Estelle: The Stalker Chronicles by Carley Moore

The Stalker Chronicles by Carley Moore (website | twitter)
Upcoming Release Date: March 27, 2012
Publisher: Farrar, Straus and Giroux
Pages: 240
Target Audience: Young Adult
Format read: ARC paperback received at ALA (Thank you!)

Summary: Cammie isn’t the best at talking to guys. In fact, she has a reputation at school for being stalker. A label she is desperately trying to leave in the past. When the mysterious yet cute Toby arrives in town, she believes he is her chance to be “normal” when it comes to pursuing guys. Even with the help of her best friend, she realizes escaping her talent for observation might be harder than she thought… especially when life keeps throwing her some unexpected curveballs.

These days it is uncanny how easy it is to keep track of people. With Facebook, Twitter, Foursquare, we are constantly keeping tabs on people we know (or knew). (Don’t lie. You know you do it.) But in the case of the internet, the success of your stalking depends on the person — how much they update, what they choose to share, etc. The old fashioned way though… that’s different story. It takes a little more effort, some thought.

And Cammie, the main character of The Stalker Chronicles, is pretty talented and relentless when it comes to that old-fashioned way of doing things. It’s not because she wants to hurt anyone or publicize someone’s private life or anything. Deep down, she really wants people to like her.  She really wants to know things about people. So she takes a leap and in the past, landed on her face. So many times that she is sweetly known as the “stalker” in school. She can’t seem to get people to forget all she has done (photos, notes, phone calls, trash cans, etc.) and at the same time, can’t stop doing it. It’s like an addiction.

Then new boy Toby shows up. Finally! Someone who may not know the total truth about her. And she makes him a challenge for herself. Can she get him to like her without overdoing it like she’s done in the past? But when he starts missing school and ya know she walks in the boy’s restroom to find him (ha), she discovers Toby may have his own secret past and Cammie sort of reverts back into her stalking ways.

I liked Cammie as a character a lot. In ways, the books reminded me of Various Positions (review to come) and not in the overly sexualized way. But in the way that author Carley Moore gave us a glimpse into the inner workings of a young girl, the crevices no one cares to admit because it’s too shameful. With Cammie, there is nothing left unspoken. She is blatantly honest. Matter of fact. You are able to establish a relationship with her, experience her mistakes, and root for her along the way.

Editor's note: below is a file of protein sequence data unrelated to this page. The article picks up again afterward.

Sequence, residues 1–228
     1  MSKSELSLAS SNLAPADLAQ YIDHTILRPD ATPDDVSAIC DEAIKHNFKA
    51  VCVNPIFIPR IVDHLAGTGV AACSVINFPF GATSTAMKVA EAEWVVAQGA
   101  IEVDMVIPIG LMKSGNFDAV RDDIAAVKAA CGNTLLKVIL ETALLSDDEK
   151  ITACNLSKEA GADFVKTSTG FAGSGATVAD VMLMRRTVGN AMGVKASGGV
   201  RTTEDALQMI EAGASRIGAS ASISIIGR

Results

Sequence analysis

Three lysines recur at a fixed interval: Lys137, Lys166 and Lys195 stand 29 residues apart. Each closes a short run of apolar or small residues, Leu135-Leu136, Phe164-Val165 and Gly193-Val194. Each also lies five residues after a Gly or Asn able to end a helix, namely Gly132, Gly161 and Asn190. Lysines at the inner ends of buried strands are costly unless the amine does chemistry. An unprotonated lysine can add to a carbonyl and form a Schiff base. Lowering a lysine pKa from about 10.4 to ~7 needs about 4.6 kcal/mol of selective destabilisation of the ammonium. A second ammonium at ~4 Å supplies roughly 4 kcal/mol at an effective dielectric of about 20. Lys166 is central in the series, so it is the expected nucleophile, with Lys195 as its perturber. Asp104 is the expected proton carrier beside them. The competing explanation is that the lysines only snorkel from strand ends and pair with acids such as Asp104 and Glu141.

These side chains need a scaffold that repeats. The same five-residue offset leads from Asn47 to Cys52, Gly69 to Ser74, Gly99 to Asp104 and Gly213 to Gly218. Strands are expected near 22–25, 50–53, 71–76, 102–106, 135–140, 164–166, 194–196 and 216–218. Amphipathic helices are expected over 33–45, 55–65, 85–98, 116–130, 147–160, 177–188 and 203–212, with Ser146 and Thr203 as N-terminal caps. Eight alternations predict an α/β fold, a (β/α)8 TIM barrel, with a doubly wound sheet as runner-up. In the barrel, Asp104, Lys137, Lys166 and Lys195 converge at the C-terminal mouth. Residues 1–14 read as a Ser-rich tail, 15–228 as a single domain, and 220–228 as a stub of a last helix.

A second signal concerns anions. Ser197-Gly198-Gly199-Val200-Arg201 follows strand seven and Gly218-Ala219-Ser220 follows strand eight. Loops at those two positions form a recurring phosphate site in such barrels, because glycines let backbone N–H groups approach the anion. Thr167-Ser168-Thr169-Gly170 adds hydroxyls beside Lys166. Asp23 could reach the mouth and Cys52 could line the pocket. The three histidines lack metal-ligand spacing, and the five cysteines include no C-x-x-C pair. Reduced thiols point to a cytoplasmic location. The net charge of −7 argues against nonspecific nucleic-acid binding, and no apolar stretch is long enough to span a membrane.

Family also plays a HUGE part in this story. While Cammie is dealing with her own demons, her parents’ marriage is beginning to deteriorate and we see how Cammie’s stalking plays a part in how she deals with this shift in her household. In a lot of the young adult books I’ve read, parents are already divorced and the process of separation rarely takes centerstage. I thought this element of TSC was very strong and true to life. I also enjoyed Cammie’s relationship with her brother. I like siblings who are different but nice. (Cammie and her brother are only a year apart but their age difference seems much larger… you’ll see.)

There are many funny and cringe-worthy moments in The Stalker Chronicles. In the end, it’s the portrait of a girl who wears her self-consciousness on her sleeve. While she displays a certain awareness of all that goes on with kids her age, she does act younger than a typical sophomore in high school. Her immaturity is due to lack of experience and the lack of experience is due to her tendency to blurt out whatever pops into her head and her desire for people to like her and accept her. Who can’t relate to those feelings? I know that I certainly can.

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9 thoughts on “Estelle: The Stalker Chronicles by Carley Moore

  1. elena says:

    I haven’t heard of this book but after reading your review, I’m really curious about it right now! I don’t think people realise how much they really do share of themselves online, it’s so baffling and I think it’s interesting that this book uses that theme. Cammie definitely seems like a character I can relate to. I’m going to try to check this book out, thank you!

  2. Karen says:

    I’m really glad I’m not a teenager right now. lol
    I can’t imagine finding out your boyfriend is cheating on you via Facebook or any of the horrible things that could be embarrassing because of all the social networking these days.
    (jeeze that makes me sound old!)
    Nice review and the book sounds really cute. I’m happy to hear that family played a part in the story. They are so often ignored in YA.

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